My story after graduation from Temple--CPV and my first CAD training, Carles and 3-D, my two years at Penn--is not Piranesi based, but it contains many Kahn connections. This is actually my virtual graduate degree. I will mention my construction of the 3-D model of Center City as my entre to Julia Converse and the Kahn Collection, and thus my first attempt to of a CAD construction of an unbuilt architectural design. (I can perhaps also mention here the unique patterning capabilities of Intergraph and my experimentation with the same.) I will end with my failed attempt at entering Penn's Graduate Program, my subsequent leaving of Penn when the Intergraph system was also leaving, and finally my uncanny meeting with Joseph Rykwert and his having worked on my drafting table.
Within months of leaving Penn I had my own CAD system, and that was when I began to redraw the Campo Marzio. As a very marginal member of the Philadelphia School, I don't see it as an unconnected avocation at all--more a kind of full circle scenerio. Well, from here I just retell the CAD redrawing and comcommitant research process.
axes of life and death
As I was reading Dripp's The First House, p. 62, about the Roman cardo & decumanus, I began to wonder whether the life and death axes of the Campo Marzio are also a reŽnactment of the ancient town planning axes. Upon inspection of the Ichnographia, I found that the life and death axes are just a few degrees shy of being on the true cardinal points. Moreover, the cardo, the nort-south axis corresponds to the axis of death in the Ichnographia, and traditionally "refers to the axis around which the universe rotates." The Campo Marzio axis of life, the east-west axis, the decumanus, refers to the rising and setting of the sun. There is now much to think about with regard to further meaning of Piraneisi's axes, especially within the overriding history and tradition of Roman city planning.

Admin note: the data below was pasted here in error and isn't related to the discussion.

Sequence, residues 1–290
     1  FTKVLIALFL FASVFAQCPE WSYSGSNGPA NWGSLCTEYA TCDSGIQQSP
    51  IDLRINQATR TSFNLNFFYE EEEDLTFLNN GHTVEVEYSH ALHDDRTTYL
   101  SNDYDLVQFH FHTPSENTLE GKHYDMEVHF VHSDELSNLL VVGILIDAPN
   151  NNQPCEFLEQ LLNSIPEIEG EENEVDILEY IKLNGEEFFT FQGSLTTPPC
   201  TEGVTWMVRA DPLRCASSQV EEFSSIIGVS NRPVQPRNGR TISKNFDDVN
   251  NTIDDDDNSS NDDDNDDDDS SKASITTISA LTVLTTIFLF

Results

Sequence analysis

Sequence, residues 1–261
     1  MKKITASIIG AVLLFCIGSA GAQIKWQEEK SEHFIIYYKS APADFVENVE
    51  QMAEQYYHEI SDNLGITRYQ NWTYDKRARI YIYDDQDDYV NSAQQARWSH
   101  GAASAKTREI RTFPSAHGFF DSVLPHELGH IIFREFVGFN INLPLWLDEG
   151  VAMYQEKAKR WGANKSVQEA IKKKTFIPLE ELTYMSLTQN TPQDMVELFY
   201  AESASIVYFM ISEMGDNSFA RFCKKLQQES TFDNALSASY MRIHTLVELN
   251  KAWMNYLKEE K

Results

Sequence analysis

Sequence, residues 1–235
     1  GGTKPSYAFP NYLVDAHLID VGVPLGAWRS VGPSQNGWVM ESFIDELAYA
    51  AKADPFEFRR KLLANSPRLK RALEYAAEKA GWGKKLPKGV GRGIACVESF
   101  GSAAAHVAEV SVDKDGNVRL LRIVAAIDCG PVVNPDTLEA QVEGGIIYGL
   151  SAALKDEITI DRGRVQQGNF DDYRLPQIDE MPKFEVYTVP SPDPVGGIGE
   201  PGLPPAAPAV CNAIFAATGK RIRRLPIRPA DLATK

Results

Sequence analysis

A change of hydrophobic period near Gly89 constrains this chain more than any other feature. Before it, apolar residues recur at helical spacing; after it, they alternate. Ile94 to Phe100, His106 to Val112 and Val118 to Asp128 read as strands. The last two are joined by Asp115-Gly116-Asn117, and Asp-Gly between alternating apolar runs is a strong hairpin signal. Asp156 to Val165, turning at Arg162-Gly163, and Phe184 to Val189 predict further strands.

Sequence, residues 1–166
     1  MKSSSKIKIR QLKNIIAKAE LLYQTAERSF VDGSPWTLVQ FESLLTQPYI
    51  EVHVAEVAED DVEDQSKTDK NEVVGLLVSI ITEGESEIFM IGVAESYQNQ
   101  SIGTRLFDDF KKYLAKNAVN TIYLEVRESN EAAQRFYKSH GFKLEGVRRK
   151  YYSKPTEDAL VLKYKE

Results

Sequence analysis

I can already begin to speculate where the axis of life, which is the longest axis in the Ichnographia is purposefully disguised because, as the decumanus, it should be secondary to the cardo--in this case, the axis of life. Is Piranesi again playing with inversion? I also wonder if Rykwert has anything to say with regard to the apparent lack of a cardo and decumanus in ancient Rome's city plan.
Today it also dawned on me that the Arch of Theodosius et al is placed at the tip of the axis of death. In its smallness (and apparent insignigicance) it reminds me of the tiny unnamed intercourse building at the tip of the axis of life. What is of utmost significance, however, is that this particular Triumphal Arch is indeed the last (latest) building addition within the Ichnographia, and dates from anywhere between AD 367-395. There is no building within the Ichnographia that is named for a later Emperor [sic].
The placement of this arch at the tip of the axis of death is very symbolic in that it represents the very end--Theodosius was the last Emperor to rule over both the East and West Empire and it was he who instituted Christianity as the state religion--the end of the pagan empire and the end of any semblance of a totally unified empire. Thus, the intercourse building at the tip of the axis of life represents the very beginning (of life and quite possibly of the Ichnographia's plan formations, as well) and the Arch of Theodosius et al at the tip of the axis of death represents not only Rome's end as the sole capital of the civilized world, but also its end as capital of the pagan world.
It is through his plan of the city of Rome that Piranesi writes (and/or rights) the history of Rome itself. Through the Ichnographia Piranesi reŽnacts the history of the city.